And using that memorable phrase, his wife Joan and their three daughters had printed on the order of service: ‘The family requests that during this celebration of Jimmy’s life there will be no bevvying..’
That was not the only humour on the poignant day. Billy Connolly who said he was ‘ten years younger’ than Jimmy who was 78 when he died, admitted spending ‘many happy hours with Jimmy. Smoking, drinking and talking nonsense.’
Opening his speech, Billy Connolly said he was in deep trouble because: ‘everyone before me has spoken for a fortnight. I’ve only got a quick word.’ He then regaled the audience with stories of the shipyards when he was a tea boy to Willie McInnes and drew a colourful word picture of life in the yards at that time. ‘I loved Jimmy,’ said Billy with real emotion. ‘I’m going to miss him terribly.’
He went on: ‘He put complex things so beautifully simply that it knocked me back. His powers of observation and his love of fairness were simply amazing.’
Quoting actor John Sessions, Billy said: ‘So dies one great example of a Scot of working class character, verve, intellect and grace.’
From his trade union background, Bob Thomson of the Scottish Left Review and Jimmy Cloughley, formerly both colleagues of Jimmy, paid tribute to their fallen comrade.
‘Jimmy always believed that mergers of unions would make them stronger.’ said Bob Thomson. ‘He was a campaigner, strategic thinker and eloquent speaker. Altogether a charismatic man and a true internationalist.’ Once asked which university he had gone to, Jimmy replied: ‘Govan Library.’ Critical of all political parties, Jimmy always said ‘it is the ordinary family that pays the heavy price for the politician.’ recounted Bob, a friend for nearly 50 years.
Jimmy Cloughley was one of the co-ordinating committee when Jimmy Reid was the ‘electrifying orator.’
He said: ‘Jimmy gave us inspiration and hope. It was awesome to see Jimmy and Jimmy Airlie in operation. They were pivotal to the success of the work-in.’
Setting the industrial and political scene of the 1970s he described ship yard workers as ‘industrial gypsies.’ He said there was massive unemployment, but Upper Clyde Shipbuilders (UCS) had £19 million worth of order in June 1971 taking work forward to 1974. ‘But the Government was saying NO to £6million investment of working capital. Jimmy Reid told us we should be under no illusion that closure of the shipyards would be the death knell of Upper Clyde communities; sacrificed to political dogma. He refused to accept that faceless men made these decisions and told us to conduct the work-in with ‘maturity and dignity,” remembered Jimmy Cloughley.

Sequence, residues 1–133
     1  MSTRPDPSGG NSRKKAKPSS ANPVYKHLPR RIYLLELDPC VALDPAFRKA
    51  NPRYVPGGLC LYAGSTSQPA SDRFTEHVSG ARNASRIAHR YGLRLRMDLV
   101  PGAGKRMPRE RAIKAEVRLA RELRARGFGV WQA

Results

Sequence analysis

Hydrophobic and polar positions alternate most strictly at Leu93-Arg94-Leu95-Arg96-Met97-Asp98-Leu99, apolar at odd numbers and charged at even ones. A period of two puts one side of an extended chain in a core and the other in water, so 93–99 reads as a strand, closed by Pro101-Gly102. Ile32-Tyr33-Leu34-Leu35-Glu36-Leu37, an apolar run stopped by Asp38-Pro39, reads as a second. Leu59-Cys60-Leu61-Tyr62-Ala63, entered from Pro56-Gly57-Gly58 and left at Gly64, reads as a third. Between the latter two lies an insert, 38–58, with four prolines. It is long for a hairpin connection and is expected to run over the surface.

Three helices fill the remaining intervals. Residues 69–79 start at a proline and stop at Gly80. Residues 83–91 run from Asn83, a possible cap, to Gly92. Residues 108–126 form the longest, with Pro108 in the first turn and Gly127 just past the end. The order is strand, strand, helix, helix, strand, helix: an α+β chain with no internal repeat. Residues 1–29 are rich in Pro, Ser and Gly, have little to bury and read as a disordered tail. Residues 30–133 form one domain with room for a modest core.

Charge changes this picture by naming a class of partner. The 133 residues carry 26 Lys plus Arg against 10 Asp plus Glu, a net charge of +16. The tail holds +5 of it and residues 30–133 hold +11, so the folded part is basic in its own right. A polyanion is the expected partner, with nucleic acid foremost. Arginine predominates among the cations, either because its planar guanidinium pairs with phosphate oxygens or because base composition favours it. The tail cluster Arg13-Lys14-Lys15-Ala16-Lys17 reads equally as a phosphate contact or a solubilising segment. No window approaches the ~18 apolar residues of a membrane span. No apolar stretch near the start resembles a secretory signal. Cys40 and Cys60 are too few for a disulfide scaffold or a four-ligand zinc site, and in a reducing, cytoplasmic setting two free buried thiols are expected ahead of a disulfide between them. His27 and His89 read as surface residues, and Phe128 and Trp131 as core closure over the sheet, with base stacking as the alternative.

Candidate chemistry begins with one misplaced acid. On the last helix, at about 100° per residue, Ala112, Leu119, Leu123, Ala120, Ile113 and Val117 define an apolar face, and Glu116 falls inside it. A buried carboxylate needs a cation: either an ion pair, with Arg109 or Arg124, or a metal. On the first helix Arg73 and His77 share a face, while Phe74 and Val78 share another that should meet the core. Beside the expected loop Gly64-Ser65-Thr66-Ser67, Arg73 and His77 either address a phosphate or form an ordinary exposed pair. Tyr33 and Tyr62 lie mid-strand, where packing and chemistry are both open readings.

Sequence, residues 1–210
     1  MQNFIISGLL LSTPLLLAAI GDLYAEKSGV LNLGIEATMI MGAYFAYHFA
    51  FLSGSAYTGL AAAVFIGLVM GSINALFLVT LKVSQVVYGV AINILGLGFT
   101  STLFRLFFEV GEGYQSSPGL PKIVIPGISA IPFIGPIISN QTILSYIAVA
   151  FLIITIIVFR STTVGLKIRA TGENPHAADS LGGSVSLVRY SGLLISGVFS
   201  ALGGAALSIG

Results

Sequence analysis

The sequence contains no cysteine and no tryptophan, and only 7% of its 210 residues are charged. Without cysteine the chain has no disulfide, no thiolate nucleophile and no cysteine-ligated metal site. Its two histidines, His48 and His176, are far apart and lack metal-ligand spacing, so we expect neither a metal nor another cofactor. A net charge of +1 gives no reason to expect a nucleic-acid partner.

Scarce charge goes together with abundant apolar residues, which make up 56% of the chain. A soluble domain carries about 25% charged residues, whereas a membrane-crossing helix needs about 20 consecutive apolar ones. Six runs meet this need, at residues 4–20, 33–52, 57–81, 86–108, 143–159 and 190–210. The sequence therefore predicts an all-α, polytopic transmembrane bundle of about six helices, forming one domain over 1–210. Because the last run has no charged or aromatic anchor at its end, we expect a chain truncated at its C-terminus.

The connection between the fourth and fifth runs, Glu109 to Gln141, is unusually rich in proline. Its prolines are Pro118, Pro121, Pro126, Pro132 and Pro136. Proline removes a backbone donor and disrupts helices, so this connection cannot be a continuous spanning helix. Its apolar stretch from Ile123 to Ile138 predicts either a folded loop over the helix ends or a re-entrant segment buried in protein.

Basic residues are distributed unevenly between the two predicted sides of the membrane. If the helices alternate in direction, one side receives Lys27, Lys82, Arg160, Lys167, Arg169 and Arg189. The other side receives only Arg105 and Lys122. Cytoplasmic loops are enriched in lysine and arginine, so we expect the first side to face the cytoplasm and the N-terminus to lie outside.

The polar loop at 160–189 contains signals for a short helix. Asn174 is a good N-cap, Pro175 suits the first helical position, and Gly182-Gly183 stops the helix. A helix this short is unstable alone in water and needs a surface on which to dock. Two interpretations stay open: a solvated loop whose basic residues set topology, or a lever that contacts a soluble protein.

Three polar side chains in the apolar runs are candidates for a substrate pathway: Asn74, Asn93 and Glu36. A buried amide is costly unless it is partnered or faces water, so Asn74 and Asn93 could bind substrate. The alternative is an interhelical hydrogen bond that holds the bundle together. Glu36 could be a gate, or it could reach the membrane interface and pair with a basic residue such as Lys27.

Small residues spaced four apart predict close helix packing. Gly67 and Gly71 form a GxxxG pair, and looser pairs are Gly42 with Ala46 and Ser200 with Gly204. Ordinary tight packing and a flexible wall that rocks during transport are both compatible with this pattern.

Sir Alex Ferguson shared his memories of Jimmy never playing football but always having books under his arm. ‘But he was a great supporter. He was a great friend of the Iona Community and helping under priviliged people was his life’s mantra. He was a man who knew where he was going. When he spoke at an annual meeting of the Football Players League he was spell binding. He left us all with a bit more belief in ourselves. It was a great moment for me and all of us in football.’

Television personality and journalist David Scott, was the master of ceremonies for the service of celebration. A close friend of Jimmy’s from the 1970s, he thanked everyone who attended – some from as far away as Indonesia. He said: ‘We have lost a true son of Scotland.’
And while there was grief: ‘Joan has lost a loving and caring husband, their three daughters have lost a doting Dad and the grandchildren have lost their Papa. I’ve lost a dear and trusted, loyal friend; there is much to celebrate. Jimmy was a trade unionist, an orator, a lecturer, raconteur and journalist among many things. Undoubtedly he is one of the great British speechmakers and his words are as relevant today as when he made them. But Scotland feels diminished by his passing.’

An earlier service has been held in Rothesay on the Island of Bute where Jimmy lived. The funeral procession then went by ferry and road to Govan where he had been brought up. Passing the BAE Systems shipyard at Govan, the workforce stood along the route to pay their respects as the cortege passed. The yard hooter sounded and the flags were at half mast.  On that day, appropriately, 20 apprentices started on three year craft apprenticeships as fabricators and welders with ten as technician apprentices working in Govan and Scotstoun yards.

Said current union representative Jamie Webster: ‘This wouldn’t have happened without Jimmy Reid and Jimmy Airlie. There would be no shipbuilding here without those two incredible men. When were were going through our own struggles in recent times, Jimmy phoned me to say we were doing fine and we’d get there. That was like the seal of approval from the Messiah.’

Covered in red roses Jimmy Reid's coffin is taken into Govan Old Parish Church for the celebration of his life.

Covered in red roses Jimmy Reid's coffin is taken into Govan Old Parish Church for the celebration of his life.